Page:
The word "safety" appears 711 times in the Infrastructure Investment and Jobs Act (IIJA).
Most of those appearances reference methods to improve roadway safety for motorists, cyclists and pedestrians.
The $1.2 trillion spending package signed by President Joe Biden in November includes $11 billion for enhanced safety programs, with $5 billion of that going to the "Safe Streets for All" program, which aims to reduce highway crashes and save lives for all road users.
"I am extremely excited to see bipartisan action that provides for a unified approach to reducing fatalities and making our roadways safe," J.R. Glascock, director of corporate safety at Lane Construction, told Construction Dive.
Those safety measures are vital, as 60% of highway contractors reported that motor vehicles had crashed into their work zones over the past year, an Associated General Contractors of America survey found. That was likely a side effect of fewer drivers during the pandemic that meant higher average driving speeds.
Now, as traffic increases, drivers aren't slowing down. Speeding and distracted driving have increasingly been the biggest problems for road worker safety and will continue to be even as the pandemic subsides, AGC Chief Economist Ken Simonson told Construction Dive.
While mainly focused on driver safety, the spending package also has provisions to improve road building and road worker safety, according to Brad Sant, senior vice president of safety and education for the American Road and Transportation Builders Association.
It's not uncommon, Sant said, for road builders to win a contract, arrive on an active site and realize that cones or drums simply won't be enough to protect workers. High speed limits or traffic volume can call for more technology or other methods to protect workers.
Unfortunately, many state departments of transportation say they don't have the budget to improve the situation or pay for more safety barriers.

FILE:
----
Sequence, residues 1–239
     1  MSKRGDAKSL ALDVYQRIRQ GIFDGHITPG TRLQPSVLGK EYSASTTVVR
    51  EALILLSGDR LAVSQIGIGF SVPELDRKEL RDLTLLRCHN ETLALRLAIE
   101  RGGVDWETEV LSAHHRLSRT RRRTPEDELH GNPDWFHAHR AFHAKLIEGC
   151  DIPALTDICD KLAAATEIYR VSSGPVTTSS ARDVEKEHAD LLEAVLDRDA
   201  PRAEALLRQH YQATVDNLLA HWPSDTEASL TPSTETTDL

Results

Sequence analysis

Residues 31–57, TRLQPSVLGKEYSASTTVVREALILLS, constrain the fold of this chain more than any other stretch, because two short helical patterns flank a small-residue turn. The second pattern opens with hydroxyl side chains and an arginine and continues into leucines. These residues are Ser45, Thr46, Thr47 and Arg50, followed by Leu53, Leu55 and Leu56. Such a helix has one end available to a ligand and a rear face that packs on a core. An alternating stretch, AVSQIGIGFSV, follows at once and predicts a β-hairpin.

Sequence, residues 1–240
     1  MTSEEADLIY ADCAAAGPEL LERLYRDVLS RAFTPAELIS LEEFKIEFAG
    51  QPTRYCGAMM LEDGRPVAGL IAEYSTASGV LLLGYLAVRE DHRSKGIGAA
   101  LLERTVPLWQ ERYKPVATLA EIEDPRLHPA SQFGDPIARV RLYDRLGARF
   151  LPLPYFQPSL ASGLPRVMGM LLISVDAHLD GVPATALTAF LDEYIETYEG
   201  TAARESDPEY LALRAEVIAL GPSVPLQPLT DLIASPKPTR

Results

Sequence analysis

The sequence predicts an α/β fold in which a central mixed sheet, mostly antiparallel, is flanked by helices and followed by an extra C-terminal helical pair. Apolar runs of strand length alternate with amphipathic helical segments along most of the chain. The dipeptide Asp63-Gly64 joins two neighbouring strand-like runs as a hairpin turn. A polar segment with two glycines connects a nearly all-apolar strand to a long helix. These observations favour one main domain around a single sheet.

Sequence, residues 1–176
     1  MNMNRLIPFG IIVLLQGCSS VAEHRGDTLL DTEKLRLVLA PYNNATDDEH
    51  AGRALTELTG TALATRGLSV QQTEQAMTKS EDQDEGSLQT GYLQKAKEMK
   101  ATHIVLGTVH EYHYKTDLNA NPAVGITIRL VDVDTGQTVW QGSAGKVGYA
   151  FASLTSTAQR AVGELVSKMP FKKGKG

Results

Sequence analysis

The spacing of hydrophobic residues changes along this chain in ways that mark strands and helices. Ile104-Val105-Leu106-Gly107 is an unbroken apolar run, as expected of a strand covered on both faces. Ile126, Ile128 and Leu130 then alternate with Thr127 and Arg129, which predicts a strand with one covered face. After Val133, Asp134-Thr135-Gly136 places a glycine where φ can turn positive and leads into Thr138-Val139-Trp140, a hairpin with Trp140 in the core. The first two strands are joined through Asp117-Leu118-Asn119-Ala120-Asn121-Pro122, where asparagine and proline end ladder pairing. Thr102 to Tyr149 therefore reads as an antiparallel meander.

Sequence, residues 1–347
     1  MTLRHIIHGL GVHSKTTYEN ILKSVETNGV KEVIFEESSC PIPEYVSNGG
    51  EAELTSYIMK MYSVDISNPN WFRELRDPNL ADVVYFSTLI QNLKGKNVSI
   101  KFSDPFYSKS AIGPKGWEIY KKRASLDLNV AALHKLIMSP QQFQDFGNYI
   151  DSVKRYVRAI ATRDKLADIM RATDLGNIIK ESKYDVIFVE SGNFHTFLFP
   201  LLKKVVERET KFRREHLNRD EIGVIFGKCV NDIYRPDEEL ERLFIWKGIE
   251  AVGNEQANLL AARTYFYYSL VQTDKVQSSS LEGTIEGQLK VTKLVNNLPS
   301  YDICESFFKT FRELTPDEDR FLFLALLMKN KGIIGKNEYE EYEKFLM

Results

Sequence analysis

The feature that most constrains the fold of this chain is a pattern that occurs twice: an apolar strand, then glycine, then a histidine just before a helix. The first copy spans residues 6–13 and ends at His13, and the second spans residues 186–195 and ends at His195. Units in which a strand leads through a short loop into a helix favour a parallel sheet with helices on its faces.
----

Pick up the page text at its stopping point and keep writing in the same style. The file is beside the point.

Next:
That could change with the IIJA.
In a method piloted in Texas and included in the IIJA, when a contract is drawn up, DOTs can agree to set aside contingency money for safety changes before a project begins. In those cases, Sant said, when a builder discovers it needs more money for safety enhancements or practices, the DOT can dip into the contingency funds as part of the contract.
If those funds are not needed, they're kept by the DOT and rolled somewhere else, potentially for contingency in other contracts.
No specific dollar amount is allocated to this practice in the IIJA, though that is likely because the contingency sizes largely depend on the sizes of projects in each state.
'Vulnerable road users'
The IIJA and other government docs focusing on roadway safety use the term "vulnerable road users" frequently to encapsulate groups like pedestrians and cyclists. The label appears 44 times in the IIJA and has an entire subsection devoted to new research protecting this group of people.
Beyond the contingency funds, the spending package doesn't appear to have much explicit text about protecting road workers, but Sant said applying inside knowledge will help ARTBA and employers keep construction workers safe.
"Roadway workers are classified by the DOT as pedestrians," he said. "We must make sure that everyone understands, and people and the agency remember that ["pedestrians"] includes roadway construction workers."
In addition, Sant said automated speed enforcement has helped protect workers and reduce speeds in construction zones.
Already implemented in Illinois, Maryland and Pennsylvania, highway speed cameras ticket speeding drivers in work zones or dangerous areas. To strike the right balance, Sant said states should keep fines high enough to dissuade drivers from speeding, but not too high to make them take the issue to court.
The IIJA includes a provision that allows for the use of federal funds to purchase and operate automated speed enforcement to help with safety.
Additional technology that may make it to roadways via federal funds includes ways of notifying workers if a car is speeding near the workzone or not moving out of a closed lane in time.
Will that mean more speed cameras?
"Hopefully," Sant said, though each state would need to approve the use individually.
It's important, however, that this technology be used for safety and not seen as a revenue stream, Santsaid. If it's intended to protect workers, and if the fines are modest, the technology may help save lives, he added.